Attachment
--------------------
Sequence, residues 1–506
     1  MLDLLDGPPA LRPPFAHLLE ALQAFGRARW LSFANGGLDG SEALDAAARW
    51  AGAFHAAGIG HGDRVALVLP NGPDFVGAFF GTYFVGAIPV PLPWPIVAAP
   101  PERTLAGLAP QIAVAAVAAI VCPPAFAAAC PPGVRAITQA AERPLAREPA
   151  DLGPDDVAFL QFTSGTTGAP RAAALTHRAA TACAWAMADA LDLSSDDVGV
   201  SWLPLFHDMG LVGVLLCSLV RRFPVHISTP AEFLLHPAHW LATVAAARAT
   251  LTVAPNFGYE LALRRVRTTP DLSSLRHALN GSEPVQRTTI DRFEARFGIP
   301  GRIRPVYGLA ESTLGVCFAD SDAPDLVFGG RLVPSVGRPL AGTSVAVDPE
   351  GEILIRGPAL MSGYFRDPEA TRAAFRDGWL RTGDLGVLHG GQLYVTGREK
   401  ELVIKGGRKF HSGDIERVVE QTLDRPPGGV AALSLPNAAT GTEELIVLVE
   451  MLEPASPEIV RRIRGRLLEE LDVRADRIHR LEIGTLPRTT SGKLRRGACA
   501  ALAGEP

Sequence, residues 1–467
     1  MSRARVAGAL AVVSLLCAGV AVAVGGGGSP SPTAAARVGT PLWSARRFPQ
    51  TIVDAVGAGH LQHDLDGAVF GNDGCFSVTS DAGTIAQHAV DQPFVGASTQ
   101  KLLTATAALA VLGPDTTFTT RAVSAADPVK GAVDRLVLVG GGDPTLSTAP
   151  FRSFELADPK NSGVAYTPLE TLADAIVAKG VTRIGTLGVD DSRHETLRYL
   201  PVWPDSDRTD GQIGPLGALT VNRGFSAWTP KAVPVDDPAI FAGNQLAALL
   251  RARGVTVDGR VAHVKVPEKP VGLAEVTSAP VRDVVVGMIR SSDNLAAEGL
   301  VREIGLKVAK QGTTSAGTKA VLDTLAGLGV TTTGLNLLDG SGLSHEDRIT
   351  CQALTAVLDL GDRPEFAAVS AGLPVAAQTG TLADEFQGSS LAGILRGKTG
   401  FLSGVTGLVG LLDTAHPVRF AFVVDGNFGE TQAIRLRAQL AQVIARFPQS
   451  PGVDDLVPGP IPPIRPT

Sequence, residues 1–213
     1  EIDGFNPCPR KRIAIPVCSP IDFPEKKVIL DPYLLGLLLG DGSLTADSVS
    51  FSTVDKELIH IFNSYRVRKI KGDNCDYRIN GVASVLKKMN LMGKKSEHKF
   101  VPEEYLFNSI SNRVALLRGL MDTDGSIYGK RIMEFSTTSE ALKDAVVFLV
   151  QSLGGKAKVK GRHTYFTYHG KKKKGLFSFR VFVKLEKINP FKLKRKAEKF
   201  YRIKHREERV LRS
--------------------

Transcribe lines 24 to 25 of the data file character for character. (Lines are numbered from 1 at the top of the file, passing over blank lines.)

Sequence, residues 1–213
     1  EIDGFNPCPR KRIAIPVCSP IDFPEKKVIL DPYLLGLLLG DGSLTADSVS